Mobile Application Development

The set of techniques and procedures involved in building software for small, wireless computing devices, such as smartphones and other hand-held devices, is known as mobile application development. Mobile application development, like web application development, has its roots in older software development methods. Mobile apps, on the other hand, are frequently designed particularly to take advantage of the unique capabilities of a particular mobile device. For example, a game app could be created to take advantage of the iPhone’s accelerometer, or a mobile health app could be written to take advantage of the temperature sensor on a smartwatch.

Apple’s iOS and Google’s Android are the two most popular smartphone platforms today. Apple phones and tablets come equipped with key apps, such as a full web browser and access to the Apple App Store. Similar apps come preloaded on Android devices, and you can download more from the Google Play Store.


Mobile application types

In the early days of mobile app development, the only way to ensure that an app would run well on any device was to create it natively. This necessitated the creation of fresh code tailored to the processor of each device. The bulk of mobile apps built nowadays is device agnostic. In the past, there was little, if any, code that could be reused from the initial development project if an app needed to be cross-platform and run on various operating systems (OSes). Each device, in essence, necessitated its own mobile app development project with its own codebase.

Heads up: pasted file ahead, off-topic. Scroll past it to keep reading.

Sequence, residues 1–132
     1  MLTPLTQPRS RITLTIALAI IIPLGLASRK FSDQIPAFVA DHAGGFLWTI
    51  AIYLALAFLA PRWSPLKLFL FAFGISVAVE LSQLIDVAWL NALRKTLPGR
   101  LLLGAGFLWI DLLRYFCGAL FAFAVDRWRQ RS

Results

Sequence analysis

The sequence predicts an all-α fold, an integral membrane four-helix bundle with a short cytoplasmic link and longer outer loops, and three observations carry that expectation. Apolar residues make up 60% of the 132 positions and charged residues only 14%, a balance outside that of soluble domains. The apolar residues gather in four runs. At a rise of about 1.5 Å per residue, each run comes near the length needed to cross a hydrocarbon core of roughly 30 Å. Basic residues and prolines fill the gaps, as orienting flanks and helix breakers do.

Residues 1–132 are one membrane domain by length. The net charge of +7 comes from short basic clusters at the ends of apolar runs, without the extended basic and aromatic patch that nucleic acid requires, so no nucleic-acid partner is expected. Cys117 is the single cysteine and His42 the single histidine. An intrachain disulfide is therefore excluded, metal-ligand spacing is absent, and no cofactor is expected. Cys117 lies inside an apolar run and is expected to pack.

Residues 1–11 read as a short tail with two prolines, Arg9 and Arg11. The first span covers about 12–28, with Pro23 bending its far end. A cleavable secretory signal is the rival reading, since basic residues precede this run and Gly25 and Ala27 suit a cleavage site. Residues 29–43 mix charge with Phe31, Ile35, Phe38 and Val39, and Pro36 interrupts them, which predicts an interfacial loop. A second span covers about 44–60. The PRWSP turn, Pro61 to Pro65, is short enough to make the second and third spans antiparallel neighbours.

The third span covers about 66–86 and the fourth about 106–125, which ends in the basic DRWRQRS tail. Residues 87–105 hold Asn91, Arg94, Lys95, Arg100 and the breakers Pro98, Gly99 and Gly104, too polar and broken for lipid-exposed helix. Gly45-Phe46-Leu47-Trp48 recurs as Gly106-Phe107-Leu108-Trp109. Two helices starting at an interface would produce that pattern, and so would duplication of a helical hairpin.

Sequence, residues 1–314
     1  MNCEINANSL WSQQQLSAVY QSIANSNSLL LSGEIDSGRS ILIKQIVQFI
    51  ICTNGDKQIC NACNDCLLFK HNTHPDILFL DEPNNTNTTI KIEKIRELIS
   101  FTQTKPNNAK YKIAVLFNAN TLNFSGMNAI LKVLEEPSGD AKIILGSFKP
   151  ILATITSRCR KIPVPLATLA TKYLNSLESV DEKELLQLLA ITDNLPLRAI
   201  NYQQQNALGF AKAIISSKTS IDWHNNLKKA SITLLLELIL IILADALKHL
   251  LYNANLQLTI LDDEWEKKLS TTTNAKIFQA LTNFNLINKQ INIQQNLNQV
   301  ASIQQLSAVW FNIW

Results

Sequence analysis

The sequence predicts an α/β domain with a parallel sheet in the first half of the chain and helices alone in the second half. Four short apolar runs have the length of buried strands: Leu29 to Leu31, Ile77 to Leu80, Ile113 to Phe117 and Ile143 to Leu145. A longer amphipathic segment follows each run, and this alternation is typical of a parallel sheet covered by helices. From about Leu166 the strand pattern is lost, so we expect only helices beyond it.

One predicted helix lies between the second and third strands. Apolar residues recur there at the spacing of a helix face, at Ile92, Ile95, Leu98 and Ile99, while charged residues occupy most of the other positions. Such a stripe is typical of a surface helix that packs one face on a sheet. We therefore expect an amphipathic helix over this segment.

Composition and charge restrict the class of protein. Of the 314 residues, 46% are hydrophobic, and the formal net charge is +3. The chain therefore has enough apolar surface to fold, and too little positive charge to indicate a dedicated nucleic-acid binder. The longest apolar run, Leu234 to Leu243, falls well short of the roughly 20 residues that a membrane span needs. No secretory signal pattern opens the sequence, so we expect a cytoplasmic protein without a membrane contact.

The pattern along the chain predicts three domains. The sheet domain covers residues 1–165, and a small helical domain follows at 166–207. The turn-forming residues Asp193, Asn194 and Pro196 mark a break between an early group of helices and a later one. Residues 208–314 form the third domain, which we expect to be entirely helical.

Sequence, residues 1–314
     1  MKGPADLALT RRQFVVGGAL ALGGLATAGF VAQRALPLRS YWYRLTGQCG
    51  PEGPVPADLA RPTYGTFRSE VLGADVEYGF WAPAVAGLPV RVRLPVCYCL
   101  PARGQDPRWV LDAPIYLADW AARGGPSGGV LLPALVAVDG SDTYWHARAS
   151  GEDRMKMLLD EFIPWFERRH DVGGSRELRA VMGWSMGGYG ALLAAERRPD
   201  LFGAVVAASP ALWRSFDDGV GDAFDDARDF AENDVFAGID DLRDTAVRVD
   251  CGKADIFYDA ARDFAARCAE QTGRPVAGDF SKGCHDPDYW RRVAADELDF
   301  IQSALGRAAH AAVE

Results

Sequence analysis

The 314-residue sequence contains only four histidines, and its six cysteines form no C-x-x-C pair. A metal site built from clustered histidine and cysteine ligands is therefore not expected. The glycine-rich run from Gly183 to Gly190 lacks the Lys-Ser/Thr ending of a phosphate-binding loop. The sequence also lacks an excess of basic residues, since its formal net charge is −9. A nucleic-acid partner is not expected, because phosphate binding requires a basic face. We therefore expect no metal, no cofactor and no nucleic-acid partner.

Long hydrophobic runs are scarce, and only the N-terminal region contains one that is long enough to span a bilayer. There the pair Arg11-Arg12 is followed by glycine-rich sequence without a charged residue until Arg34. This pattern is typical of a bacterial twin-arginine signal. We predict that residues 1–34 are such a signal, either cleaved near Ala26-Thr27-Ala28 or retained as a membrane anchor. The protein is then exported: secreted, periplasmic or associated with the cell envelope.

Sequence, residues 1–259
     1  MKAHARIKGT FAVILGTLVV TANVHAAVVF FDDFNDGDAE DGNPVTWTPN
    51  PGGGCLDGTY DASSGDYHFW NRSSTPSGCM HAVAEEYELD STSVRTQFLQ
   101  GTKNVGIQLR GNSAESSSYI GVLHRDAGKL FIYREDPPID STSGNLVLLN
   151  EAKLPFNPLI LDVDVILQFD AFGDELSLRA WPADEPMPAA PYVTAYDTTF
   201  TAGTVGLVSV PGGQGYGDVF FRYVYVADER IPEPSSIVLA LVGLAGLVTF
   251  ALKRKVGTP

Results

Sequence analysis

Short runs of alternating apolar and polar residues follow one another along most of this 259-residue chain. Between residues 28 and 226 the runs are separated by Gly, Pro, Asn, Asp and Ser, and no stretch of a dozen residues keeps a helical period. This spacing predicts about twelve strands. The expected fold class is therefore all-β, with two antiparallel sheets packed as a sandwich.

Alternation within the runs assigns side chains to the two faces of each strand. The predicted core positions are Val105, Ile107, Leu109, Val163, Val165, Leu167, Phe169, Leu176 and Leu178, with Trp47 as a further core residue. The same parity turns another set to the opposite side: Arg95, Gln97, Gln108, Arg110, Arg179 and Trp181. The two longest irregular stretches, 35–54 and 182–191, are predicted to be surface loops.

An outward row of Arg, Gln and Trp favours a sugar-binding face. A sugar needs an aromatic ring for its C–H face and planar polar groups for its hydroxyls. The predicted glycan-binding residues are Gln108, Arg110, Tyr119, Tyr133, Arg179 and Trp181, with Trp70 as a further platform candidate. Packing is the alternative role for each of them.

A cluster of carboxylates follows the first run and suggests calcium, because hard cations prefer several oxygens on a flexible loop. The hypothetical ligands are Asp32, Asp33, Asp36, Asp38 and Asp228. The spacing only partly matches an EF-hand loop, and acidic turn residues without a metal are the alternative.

Modern cross-platform technologies share code across projects using common languages like C# and JavaScript; more significantly, they connect seamlessly with application lifecycle management tools like Jenkins. This allows developers to create apps for Apple iOS, Google Android, and progressive web apps with a single codebase (PWAs). PWAs are designed to take advantage of native mobile device functionality without requiring the end-user to go to an app store, buy something, and then download it locally. Instead, a PWA can be found using a search engine query and accessed directly through a browser, obviating the need for e-commerce firms to create native apps for numerous mobile operating systems.

PWA content is downloaded in stages, similar to YouTube videos, giving the end-user a better experience than a typical website with responsive design. Instant mobile apps are another name for progressive web apps. You must first decide the type of software you will create before you begin developing it. Here’s a rundown of the various sorts of mobile app development technology, along with some background information on each.